Spyrus Offers Secure Pocket Drive for Linux

Apr 26, 2012

Carry your own Linux with this new hardware-encrypted boot stick.

Spyrus has announced a new version of its Secure Pocket Drive that allows users to build and distribute their own secure bootable Linux OS image. According to the announcement, the Linux edition not only offers secure access to corporate networks but also lets users install and run their own applications locally. Unlike a Live CD, Secure Pocket Drive is hardware encrypted, with security self-checks during boot-up and at run time, and it can be managed and updated remotely.

Secure Pocket Drive, which was designed as a secure endpoint for Internet and cloud-computing applications, boots Linux or Windows environments without the overhead of a virtual machine. The new version offers enhanced security features and is also optimized for performance. According to the announcement, the Linux edition can be booted in seconds on most Intel-based Apple Macintosh and standard Intel and AMD-based Windows computers.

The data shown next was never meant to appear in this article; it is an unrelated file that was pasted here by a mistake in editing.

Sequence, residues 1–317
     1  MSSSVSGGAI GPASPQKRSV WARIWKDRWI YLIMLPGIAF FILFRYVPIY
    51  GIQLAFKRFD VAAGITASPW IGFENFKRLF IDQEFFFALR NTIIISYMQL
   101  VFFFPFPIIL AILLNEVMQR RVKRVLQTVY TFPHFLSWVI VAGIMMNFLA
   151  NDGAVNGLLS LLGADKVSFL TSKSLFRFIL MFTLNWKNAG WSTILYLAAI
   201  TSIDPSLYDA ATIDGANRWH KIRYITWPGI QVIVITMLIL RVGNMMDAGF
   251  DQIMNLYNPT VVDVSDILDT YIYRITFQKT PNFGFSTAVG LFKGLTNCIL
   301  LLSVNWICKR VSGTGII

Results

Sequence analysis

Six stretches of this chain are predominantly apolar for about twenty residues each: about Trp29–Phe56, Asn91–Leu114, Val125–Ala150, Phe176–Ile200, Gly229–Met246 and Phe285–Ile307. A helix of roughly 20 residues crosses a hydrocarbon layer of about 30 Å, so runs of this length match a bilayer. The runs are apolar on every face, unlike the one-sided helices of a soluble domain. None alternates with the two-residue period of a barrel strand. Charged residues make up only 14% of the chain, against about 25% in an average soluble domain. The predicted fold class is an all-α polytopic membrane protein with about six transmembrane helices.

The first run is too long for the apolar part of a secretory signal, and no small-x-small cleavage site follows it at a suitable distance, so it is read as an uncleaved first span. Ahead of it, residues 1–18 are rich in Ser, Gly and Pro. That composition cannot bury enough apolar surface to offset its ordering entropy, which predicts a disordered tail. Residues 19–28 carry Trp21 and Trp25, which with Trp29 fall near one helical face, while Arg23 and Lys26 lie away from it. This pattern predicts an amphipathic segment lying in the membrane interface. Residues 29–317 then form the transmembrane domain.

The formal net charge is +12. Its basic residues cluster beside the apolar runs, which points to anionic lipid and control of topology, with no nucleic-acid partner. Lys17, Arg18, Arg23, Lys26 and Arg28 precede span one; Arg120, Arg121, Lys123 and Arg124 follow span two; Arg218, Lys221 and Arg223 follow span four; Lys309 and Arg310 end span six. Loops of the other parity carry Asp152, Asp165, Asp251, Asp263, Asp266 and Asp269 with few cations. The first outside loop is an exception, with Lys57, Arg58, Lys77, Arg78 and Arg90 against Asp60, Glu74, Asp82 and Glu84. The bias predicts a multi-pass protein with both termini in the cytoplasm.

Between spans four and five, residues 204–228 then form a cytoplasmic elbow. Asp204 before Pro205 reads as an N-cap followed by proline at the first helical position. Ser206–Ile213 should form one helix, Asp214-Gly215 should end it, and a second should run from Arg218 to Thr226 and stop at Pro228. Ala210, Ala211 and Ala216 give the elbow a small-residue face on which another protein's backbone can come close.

Additionally, Secure Pocket Drive can be configured to prevent cross-contamination and the transfer of malware from the host computer by not mounting the internal hard drive. Secure Pocket Drive can boot on older computers with as little as 1GB of RAM. 

Spyrus also offers build tools and customization services for small and large customers who want to build and manage their own Linux operating system and applications for Secure Pocket Drive. According to the company, customers can use these tools to make a boot compartment read-only, providing an advantage over current Linux installations on writeable USB drives that can be susceptible to malware attacks. For more information, see spyrus.com.

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